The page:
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Years ago, I helped organize a conference entitled, ‘Behind Closed Doors’ at Covenant Theological Seminary (St. Louis, MO).  It was a conference about domestic abuse. There was one statement I have remembered: one of the speakers said, “clergy are some of the main perpetrators of domestic violence.”  I also remember a story.  One of the speakers recounted this horrific story.  A woman who was battered repeatedly by her husband had enough so she defended herself and killed him.  When asked why did she do it? Instead of answering, this imago Dei bearer simply raised her skirt — her pelvic area was black and blue.  Her husband had hit her in this area with a two by four! Yes, a piece of wood. Domestic violence is an insidious evil.  Domestic violence is committed by people who are sick and cowards.

My dear friend, sister and high school classmate, Rachelle Law, has given us a front row seat into the domestic violence she experienced “behind closed doors” almost three decades ago. To see Rachelle today you would say incredulously, “this could not have happened to you…come on.” She is beautiful, illustrious, industrious and gregarious. Yet, I encourage you to read about her harrowing experience and ongoing recovery in her latest book, “You Are Beautiful: The Hidden Consequences of Domestic Violence That Linger” (2016). I say “ongoing” because as Rachelle states in her book, the consequences of domestic abuse create a ripple effect – they linger.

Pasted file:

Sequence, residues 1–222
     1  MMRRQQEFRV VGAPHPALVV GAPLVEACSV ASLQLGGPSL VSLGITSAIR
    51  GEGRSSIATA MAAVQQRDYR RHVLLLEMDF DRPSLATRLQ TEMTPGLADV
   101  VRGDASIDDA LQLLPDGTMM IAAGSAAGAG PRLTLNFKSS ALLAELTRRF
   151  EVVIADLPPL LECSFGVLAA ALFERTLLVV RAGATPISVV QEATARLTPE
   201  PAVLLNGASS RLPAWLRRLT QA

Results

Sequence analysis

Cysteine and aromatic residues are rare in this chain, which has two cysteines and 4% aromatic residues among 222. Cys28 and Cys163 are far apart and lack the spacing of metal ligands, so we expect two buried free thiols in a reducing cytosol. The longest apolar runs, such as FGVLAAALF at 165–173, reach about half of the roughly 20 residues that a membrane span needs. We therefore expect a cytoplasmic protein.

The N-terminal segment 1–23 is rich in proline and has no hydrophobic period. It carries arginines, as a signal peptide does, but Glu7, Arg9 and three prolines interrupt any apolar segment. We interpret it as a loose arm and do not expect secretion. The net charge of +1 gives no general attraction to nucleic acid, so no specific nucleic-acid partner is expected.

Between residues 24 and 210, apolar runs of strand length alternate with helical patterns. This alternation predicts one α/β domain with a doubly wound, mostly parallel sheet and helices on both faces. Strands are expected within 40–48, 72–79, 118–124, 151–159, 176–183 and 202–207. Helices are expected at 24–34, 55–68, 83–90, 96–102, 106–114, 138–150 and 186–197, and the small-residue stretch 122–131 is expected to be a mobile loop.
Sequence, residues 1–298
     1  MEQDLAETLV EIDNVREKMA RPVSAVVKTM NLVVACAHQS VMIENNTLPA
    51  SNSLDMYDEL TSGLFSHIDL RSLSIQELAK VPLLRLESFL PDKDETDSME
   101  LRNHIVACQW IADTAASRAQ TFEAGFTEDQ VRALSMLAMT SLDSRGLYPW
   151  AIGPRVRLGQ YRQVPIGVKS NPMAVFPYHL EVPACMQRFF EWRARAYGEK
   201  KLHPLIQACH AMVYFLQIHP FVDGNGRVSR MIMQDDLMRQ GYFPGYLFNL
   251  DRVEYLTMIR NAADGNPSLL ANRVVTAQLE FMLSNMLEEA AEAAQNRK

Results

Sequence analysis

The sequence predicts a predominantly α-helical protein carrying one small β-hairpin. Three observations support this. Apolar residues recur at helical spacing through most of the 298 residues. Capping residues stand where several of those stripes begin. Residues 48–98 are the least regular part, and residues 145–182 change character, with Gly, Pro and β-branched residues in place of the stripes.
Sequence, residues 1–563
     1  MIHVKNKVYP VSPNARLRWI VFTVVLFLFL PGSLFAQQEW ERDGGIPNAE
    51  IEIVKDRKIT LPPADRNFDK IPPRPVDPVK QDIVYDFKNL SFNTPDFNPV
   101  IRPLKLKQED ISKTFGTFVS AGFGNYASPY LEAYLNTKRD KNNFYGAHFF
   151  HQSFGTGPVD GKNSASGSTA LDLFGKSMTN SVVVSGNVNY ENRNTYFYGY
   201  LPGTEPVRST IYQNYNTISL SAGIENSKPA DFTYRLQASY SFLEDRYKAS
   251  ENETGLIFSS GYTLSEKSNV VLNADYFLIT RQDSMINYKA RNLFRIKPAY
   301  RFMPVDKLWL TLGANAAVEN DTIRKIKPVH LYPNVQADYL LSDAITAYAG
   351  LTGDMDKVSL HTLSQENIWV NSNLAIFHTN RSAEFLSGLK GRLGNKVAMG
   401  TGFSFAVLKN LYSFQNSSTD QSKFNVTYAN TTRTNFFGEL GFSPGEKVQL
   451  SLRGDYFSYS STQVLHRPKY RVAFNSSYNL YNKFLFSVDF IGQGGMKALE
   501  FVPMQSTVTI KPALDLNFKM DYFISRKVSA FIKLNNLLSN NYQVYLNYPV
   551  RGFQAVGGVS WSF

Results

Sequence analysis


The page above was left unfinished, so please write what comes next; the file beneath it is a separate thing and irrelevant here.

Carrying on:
Of late, athletes, in general, and football players, in particular, who have been accused of perpetuating violence against women have been in the news. For example, football players Johnny Manziel and Jonathan Dwyer have been in the news recently and who can forget Ray Rice.  However, this book brings domestic violence close to home because I walked the same majestic halls at Southeast High School (Kansas City, MO) as Rachelle did. I watched Rachelle as a cheerleader. As Rachelle says in her book, the person in the cubicle next to yours may be a victim of domestic abuse; the person sitting next to you in the pew might be a victim of domestic abuse. Sufferers of domestic abuse are good actors and actresses.  However, may we see them.  And once we really see them, let’s come to their aid. May we use our capacity, fueled by compassion, and rescue them from this grave injustice or living hell.

It takes incredible courage to open your closet for all to see your skeletons. Rachelle does just that. May reading this book help us to truly notice and see sufferers of domestic abuse.  May reading this book help us to see sufferers as human beings with incredible worth and value.  May reading this book help us to see all victims of domestic abuse as truly beautiful.



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